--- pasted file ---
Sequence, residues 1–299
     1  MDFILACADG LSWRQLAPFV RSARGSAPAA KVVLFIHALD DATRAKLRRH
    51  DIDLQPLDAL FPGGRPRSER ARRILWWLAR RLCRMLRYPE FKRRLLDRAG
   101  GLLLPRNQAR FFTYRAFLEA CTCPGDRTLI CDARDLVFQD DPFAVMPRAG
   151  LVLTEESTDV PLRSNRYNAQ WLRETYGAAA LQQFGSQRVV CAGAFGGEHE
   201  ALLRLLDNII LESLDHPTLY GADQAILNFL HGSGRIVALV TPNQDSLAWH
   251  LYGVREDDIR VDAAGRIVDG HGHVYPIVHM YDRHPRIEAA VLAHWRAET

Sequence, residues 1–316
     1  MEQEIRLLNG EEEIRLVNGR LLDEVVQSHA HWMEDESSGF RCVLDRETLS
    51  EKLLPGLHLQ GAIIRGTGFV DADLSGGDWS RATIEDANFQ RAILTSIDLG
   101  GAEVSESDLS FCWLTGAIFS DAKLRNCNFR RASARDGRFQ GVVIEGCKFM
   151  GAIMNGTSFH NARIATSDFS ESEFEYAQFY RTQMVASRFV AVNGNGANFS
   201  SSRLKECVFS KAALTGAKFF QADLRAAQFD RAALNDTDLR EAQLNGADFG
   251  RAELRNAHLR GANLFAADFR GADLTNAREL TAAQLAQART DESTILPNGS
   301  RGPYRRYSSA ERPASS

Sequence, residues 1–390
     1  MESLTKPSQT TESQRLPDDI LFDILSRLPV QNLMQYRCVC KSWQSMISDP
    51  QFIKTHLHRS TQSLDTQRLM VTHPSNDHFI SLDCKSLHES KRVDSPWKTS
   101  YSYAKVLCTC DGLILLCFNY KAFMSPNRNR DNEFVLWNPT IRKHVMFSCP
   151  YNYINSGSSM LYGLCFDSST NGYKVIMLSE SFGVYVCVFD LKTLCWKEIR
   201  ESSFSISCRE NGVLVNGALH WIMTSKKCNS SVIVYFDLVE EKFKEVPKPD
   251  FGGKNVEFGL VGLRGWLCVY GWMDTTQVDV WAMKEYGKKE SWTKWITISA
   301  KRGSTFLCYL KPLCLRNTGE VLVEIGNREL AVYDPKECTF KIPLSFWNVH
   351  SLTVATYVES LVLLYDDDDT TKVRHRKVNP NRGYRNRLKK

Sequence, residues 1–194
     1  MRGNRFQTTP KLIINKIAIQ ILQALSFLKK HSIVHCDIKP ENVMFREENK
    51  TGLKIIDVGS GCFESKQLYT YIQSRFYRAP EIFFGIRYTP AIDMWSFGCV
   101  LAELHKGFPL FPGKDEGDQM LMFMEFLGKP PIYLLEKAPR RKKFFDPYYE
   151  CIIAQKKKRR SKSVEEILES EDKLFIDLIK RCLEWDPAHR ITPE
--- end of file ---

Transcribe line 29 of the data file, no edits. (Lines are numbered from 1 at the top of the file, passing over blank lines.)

   151  CIIAQKKKRR SKSVEEILES EDKLFIDLIK RCLEWDPAHR ITPE